Ah . . . the VMO, the Holy Grail of treating patellofemoral pain syndrome (PFPS). Shortly before I began the physical therapy program at UNMC, one of my professors and mentors published a study in our professional journal, Physical Therapy; their findings “do not support the notion that concurrent use of the hip adductors during knee extensor exercises results in preferential strengthening of the VMO.” That was in 1993. And yet, practitioners continue to prescribe exercises hip adductor/knee extension combination exercises for patients diagnosed with PFPS. These two videos purport to show just how to do it . . . yes, both involve squeezing a ball between the knees!

VMOWhat is the VMO, anyway? The VMO is a collection of muscle fibers from the vastus medialis that run more horizontally than the other portions of this muscle. It has been theorized that because these muscle fibers are aligned in this way, they can pull the patella medially/inward to reduce any poor alignment or movement problems the patella might have (i.e., lateral tilt or glide). To be sure, an a priori analysis would suggest that strengthening the VMO would do what many say it does.

But it just can’t be done!

So, here is a list of reasons why we need to abandon the idea that exercises for PFPS should not be done with a ball between the knees in the hopes that strengthening the VMO will alleviate that pain.

To date, few, if any, well-executed, peer-reviewed research studies has shown that it is possible to isolate (AT ALL) the VMO. One of the modern-day PFPS “guru’s” just last week admitted that the VMO can NOT be preferentially targetd. So why do we still try?

Further, a study from August showed that it is not the VMO alone that atrophies (gets smaller and weaker), it is all the quadriceps. While the Australian researchers showed that all quadriceps decrease in size,

These findings suggest that atrophy is present in all portions of the quadriceps in individuals with PFP, and that exercises with the goal to preferentially activate and strengthen the VMO are not justified in this population.

So if it isn’t atrophied in the first place, why are we so desperate to perform isolated strengthening exercises for it?

dynamic valgusOne position has been shown to contribute PFPS, dynamic valgus. Dynamic valgus is a moving measurement of the traditional Q-Angle (which has NOT been shown to contribute to PFPS) is a combination of hip/femoral adduction and hip/femoral internal rotation. It commonly occurs with a rapid increase in a person’s height, making control of the longer levers (bones and trunk) more difficult. That can be a challenge just walking up and down stairs. Now imagine increasing the impact, force, and velocity of sporting movements like running, sprinting, jumping, landing, or cutting; that abnormal position further exposes the athlete to stresses that contribute to PFPS.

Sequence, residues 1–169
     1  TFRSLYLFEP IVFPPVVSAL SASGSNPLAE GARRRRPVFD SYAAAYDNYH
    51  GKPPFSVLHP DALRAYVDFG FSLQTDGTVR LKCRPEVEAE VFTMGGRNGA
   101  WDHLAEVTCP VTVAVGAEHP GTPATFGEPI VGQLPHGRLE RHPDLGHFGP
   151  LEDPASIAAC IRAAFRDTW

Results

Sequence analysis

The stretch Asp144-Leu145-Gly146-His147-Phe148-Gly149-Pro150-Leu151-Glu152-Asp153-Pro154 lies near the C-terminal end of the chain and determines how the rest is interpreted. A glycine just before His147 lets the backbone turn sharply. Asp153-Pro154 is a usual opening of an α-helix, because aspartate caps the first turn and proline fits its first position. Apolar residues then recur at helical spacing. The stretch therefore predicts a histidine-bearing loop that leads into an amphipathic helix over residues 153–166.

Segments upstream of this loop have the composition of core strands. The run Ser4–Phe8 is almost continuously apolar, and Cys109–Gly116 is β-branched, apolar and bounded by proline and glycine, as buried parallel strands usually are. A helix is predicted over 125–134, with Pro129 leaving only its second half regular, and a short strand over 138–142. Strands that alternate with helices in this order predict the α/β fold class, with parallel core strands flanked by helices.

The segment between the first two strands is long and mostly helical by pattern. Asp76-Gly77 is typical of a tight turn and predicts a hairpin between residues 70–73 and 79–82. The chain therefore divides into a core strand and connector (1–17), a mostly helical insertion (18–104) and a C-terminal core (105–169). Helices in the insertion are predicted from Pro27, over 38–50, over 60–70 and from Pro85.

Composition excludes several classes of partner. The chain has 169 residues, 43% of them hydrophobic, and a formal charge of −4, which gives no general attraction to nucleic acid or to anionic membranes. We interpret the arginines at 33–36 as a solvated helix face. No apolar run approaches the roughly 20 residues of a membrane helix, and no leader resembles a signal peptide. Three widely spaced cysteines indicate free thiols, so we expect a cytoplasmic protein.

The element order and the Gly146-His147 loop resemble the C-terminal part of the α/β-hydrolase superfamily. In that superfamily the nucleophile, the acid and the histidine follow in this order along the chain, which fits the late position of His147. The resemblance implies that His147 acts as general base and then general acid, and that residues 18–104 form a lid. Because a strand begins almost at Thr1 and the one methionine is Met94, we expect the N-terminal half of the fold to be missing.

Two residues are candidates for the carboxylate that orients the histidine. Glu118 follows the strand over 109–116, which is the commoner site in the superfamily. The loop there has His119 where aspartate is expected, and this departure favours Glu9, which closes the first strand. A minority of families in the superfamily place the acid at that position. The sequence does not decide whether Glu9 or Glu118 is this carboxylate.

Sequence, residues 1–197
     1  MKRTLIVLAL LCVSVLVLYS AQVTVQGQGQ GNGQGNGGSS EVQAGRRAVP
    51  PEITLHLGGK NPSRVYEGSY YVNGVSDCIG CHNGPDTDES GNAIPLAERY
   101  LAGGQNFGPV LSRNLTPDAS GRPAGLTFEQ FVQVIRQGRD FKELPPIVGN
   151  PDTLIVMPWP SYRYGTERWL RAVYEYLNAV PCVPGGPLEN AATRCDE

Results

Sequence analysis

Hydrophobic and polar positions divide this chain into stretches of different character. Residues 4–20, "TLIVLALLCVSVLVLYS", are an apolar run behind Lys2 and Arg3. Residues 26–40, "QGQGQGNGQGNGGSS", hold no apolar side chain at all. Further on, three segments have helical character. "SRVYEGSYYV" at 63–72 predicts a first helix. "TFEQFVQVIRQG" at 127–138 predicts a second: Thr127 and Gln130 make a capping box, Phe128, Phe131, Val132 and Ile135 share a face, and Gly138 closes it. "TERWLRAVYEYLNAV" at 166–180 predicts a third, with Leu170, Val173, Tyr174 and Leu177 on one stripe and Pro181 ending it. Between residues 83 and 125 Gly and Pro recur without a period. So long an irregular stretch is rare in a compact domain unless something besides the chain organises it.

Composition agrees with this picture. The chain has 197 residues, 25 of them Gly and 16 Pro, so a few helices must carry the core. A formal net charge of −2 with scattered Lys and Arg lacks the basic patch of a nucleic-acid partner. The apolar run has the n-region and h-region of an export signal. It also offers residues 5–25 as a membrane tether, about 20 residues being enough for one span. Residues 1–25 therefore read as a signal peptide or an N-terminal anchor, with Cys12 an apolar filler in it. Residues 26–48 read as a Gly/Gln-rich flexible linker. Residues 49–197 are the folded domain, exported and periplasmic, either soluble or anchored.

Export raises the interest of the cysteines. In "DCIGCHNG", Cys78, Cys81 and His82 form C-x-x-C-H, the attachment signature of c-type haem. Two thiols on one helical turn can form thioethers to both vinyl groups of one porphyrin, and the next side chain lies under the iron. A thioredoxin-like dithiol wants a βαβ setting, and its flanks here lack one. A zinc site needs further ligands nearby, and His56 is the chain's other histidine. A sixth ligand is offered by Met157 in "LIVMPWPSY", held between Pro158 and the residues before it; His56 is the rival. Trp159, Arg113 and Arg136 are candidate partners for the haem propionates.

So, look at the dynamic valgus picture included here. one of the components of this position is hip or femoral adduction. What causes this movement?

  • Weak hip abductors?
  • Poor motor control?
  • Habit?
  • Improper instruction?

It certainly can be weakness in muscles that produce motion in the opposite direction (i.e., abduction). But I don’t know that we can definitively state that weak hip abductors cause this position and therefore PFPS; it is possible, but research is mixed, to be sure. (Check out this interesting article by Hewett and Myer‘s group for more info.) Another possibility is hip adductors that are too strong, though I have not seen research to indicate that is the case.

Simply put, the knee works best when moving in the sagittal plane as the muscles that absorb force and/or control the trunk, hip, and knee function are more efficient and better positioned to do so in the sagittal and not the frontal plane.

Given that, putting a ball between one’s knees does one of two things:

  1. Strengthens the hip adductors. If these are stronger, it seems the hip will adduct more during movement causing a position we don’t want (dynamic valgus).
  2. Encourages a position we don’t want by providing a stimulus to promote it. Stated differently, the ball between the knees encourages the person to press against the ball (think other manual therapies and the effect touch has); what happens when the ball is removed, the knees want to move against that same thing, resulting in the dynamic valgus position.

Lastly, to those that say, “but I have been doing this for years and it works,” my response. One of my mentors, strength training pioneer Tom Baechle, once told me that even if somebody lifts with poor technique, they are still lifting and will get stronger, but at what risk? The same applies here; PFPS treatment SHOULD include strengthening exercises and people will improve to a degree even when performing exercises with a ball between the knees . . . but at what risk to future injury?


So, if we can agree that . . .

  • the VMO cannot be preferentially activated (1, 2),
  • the VMO is not isolated in its weakness with PFPS (1),
  • dynamic valgus increases the incidence of PFPS (1, 2, 3),

. . . why do an exercise that contributes to that position?

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